Driver sentenced after illegally dumping waste

A truck driver from Manchester who illegally dumped 100 tonnes of pungent waste on the site of a school has been sentenced to 12 months in prison.

In a case brought by the Environment Agency, Tameside Magistrates was told how Francis Heaton was arrested by Greater Manchester Police for dumping processed household waste (Trommel fines) on a car park at the Kingfisher Special School in Oldham (pictured) in April 2018.

A school representative confirmed to police that the school gates had been cut and removed to allow access for the waste to be deposited.

The pupils, some with life-limiting conditions, had their education disrupted for two weeks following the incident. They were unable to use the outdoor facilities because of an insect infestation in the waste. Although Oldham Council helped remove the waste, the school was left with a £22,197 bill.

Heaton was also fined for the motoring element of the offences: driving the vehicle without the correct driving licence, with false plates, no insurance or a valid MoT. His driving licence was endorsed with penalty points.

Greater Manchester Police seized the vehicle and it was later crushed as no owner claimed it or made a claim for it. In mitigation, Heaton’s barrister told the court Heaton accepted there was damage to the community and he pleaded guilty at the trial.

Judge Paul Lawton told the court he believed Heaton knew full well what he was doing and that it was a deliberate act.

Mark Easedale, area environment manager for the Environment Agency, said: “Heaton put the pupils’ welfare at risk and disrupted their education. This case is particularly disturbing as the Kingfisher Special School was made to pay to clear the waste.”

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Tudor Griffiths fined £44,000 after employee suffered serious arm injuries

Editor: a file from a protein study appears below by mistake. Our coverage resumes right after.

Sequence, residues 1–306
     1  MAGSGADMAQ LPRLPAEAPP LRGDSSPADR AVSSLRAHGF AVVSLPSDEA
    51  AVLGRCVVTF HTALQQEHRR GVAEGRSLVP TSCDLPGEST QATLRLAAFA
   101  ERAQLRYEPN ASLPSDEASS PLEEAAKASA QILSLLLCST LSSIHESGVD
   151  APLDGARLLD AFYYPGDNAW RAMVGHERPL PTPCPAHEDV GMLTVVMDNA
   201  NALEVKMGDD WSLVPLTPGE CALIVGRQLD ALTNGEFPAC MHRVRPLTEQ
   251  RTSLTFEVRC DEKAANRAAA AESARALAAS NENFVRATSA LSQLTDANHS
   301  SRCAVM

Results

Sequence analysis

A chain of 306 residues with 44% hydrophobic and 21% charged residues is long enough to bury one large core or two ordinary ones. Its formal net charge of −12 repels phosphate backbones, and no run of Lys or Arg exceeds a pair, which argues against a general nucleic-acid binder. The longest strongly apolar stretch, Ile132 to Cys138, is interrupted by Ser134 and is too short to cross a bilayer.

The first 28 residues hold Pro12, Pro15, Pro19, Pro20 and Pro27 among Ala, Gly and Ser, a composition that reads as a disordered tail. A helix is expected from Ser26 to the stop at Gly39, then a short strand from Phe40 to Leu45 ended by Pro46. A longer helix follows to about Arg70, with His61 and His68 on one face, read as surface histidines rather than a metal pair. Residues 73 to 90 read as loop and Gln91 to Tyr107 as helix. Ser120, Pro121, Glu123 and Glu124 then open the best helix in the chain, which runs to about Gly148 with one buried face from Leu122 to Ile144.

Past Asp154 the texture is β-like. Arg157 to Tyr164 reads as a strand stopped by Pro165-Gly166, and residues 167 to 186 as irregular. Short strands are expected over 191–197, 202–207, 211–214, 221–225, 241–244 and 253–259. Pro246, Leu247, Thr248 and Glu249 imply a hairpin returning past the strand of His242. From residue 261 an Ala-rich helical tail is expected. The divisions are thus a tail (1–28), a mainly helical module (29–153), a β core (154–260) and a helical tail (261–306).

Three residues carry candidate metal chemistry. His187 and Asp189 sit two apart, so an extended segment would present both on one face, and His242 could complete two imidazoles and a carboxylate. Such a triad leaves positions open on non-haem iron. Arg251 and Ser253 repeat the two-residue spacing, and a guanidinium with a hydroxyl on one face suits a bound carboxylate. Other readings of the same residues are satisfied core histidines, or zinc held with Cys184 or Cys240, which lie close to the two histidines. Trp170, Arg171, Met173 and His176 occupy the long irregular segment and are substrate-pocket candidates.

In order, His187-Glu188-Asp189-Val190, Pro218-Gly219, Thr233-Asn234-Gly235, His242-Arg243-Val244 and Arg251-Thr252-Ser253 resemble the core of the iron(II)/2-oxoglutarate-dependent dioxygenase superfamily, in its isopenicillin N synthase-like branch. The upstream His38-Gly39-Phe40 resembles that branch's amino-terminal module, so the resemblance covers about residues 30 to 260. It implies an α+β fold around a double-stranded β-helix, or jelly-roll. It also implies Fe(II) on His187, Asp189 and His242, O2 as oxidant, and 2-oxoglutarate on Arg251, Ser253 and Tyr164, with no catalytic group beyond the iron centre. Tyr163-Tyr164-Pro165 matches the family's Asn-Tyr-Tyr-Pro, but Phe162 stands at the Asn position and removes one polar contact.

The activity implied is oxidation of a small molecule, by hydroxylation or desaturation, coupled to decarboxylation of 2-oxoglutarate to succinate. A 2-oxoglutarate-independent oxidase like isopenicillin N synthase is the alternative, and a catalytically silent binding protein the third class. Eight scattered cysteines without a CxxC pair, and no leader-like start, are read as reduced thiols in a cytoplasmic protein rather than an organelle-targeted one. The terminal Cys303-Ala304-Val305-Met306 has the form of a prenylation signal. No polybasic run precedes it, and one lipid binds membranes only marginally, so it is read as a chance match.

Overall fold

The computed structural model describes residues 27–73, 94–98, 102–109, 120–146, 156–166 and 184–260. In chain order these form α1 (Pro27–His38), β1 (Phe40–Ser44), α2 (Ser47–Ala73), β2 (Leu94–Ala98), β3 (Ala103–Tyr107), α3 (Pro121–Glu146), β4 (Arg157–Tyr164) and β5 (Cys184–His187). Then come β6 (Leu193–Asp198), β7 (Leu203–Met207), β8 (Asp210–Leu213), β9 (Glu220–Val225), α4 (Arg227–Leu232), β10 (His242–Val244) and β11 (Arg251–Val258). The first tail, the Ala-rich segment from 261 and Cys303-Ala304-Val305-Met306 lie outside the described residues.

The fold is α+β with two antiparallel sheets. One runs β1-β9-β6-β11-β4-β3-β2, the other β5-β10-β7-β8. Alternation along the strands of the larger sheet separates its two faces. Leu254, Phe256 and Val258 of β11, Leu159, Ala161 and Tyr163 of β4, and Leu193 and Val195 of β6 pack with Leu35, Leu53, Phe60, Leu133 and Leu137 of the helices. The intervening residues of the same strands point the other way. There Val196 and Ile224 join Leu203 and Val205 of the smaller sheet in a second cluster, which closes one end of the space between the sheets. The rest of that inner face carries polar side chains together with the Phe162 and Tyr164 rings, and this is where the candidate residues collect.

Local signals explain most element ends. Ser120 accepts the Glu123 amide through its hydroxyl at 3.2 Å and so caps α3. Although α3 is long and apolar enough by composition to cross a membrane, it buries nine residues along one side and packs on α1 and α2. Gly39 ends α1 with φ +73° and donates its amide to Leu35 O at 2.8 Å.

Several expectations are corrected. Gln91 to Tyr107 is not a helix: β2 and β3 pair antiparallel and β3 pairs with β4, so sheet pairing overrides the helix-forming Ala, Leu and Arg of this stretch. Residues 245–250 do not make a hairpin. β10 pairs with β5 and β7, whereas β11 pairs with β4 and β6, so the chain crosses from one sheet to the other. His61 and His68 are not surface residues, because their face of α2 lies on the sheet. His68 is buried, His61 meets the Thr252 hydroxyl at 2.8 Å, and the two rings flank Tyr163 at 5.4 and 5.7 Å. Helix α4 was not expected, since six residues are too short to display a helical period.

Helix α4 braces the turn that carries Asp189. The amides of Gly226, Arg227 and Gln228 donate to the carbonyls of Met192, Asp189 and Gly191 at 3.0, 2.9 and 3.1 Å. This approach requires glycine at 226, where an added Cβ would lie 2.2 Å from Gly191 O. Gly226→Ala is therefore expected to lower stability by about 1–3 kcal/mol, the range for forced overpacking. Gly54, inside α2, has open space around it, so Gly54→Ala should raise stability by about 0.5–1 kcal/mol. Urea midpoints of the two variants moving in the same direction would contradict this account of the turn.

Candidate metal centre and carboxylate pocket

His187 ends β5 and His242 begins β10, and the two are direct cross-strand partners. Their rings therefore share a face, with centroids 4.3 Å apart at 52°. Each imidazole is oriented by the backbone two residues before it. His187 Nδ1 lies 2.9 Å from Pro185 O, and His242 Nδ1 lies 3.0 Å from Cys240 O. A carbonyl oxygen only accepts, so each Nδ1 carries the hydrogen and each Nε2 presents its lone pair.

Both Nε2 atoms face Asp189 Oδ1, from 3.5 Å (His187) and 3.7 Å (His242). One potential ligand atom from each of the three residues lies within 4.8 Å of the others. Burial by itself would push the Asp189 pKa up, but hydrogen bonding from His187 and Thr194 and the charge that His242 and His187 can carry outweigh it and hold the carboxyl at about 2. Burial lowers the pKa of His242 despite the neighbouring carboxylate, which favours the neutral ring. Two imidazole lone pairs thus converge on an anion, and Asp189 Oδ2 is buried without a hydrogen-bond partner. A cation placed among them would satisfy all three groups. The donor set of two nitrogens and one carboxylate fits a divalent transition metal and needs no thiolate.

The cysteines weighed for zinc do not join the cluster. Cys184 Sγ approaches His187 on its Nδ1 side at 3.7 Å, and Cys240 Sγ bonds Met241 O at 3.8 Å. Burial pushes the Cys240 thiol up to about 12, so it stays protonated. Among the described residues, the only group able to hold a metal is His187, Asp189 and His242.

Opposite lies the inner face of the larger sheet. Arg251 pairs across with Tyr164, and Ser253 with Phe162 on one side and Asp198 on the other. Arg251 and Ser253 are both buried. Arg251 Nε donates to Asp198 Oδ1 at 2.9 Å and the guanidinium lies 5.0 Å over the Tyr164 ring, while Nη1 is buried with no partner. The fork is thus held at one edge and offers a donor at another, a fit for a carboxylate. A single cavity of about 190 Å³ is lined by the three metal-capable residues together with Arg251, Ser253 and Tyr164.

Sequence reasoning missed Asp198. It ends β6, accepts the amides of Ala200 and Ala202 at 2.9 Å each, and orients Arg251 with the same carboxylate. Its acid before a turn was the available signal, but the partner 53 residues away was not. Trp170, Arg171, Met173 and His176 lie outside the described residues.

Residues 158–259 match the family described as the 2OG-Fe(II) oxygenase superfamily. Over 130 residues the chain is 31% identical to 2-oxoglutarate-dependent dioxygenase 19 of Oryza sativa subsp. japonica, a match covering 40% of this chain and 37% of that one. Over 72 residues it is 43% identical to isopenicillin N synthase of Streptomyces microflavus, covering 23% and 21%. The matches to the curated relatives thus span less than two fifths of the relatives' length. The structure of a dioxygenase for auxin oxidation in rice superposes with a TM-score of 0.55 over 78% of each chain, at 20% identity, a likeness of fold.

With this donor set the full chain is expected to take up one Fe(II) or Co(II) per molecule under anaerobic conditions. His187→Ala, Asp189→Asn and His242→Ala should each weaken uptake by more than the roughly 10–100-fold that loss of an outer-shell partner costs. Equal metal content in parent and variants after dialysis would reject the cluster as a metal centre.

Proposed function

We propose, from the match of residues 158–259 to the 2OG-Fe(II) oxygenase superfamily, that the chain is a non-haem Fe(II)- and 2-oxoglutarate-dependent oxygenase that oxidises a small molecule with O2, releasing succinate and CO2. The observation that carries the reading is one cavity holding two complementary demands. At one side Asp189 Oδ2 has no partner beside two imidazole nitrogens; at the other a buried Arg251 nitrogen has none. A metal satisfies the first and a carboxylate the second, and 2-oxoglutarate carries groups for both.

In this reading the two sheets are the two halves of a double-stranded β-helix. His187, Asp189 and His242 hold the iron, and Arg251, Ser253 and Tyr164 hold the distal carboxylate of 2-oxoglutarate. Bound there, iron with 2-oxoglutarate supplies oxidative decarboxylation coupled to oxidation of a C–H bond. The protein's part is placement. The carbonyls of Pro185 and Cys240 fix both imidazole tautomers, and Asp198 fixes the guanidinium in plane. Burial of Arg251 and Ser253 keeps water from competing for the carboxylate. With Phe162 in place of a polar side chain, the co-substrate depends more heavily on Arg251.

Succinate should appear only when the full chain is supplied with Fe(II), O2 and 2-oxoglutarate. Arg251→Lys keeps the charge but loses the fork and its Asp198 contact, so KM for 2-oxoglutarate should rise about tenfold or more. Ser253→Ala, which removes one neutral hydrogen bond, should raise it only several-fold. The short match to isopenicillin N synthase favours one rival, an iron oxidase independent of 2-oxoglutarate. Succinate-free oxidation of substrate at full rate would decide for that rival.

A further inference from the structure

Building materials company Tudor Griffiths has been fined £44,000 after it failed to keep fixed guards in place on moving machinery at a quarry, causing serious injuries to an employee’s arm.

Telford Magistrates’ Court heard how, on 9 December 2016, an employee at the haulage operator was injured on his first day at the quarry when his arm got caught and dragged into the nip point between the conveyor belt and the rotating tail drum. He needed multiple skin graft operations and now has permanent scarring on his arm.

An HSE investigation found the company had failed to ensure that the fixed guards were effective to prevent access to dangerous parts of machinery, despite this risk having been identified several months before the incident. 

The firm, based in Wood Lane, Ellsmere, Shropshire, pleaded guilty to breaching section 2(1) of the HSE Act 1974 and was ordered to pay £2,866 costs. Following the hearing, HSE inspector Simon Edwards said: “This could easily have been prevented and the risk should have been identified. Entanglement in conveyor systems is a significant cause of serious incidents in the quarry industry.

“Quarry operators should ensure they properly assess and apply effective control measures to minimise the risk from dangerous parts of machinery.”

Find out more about the legislation used in this case.

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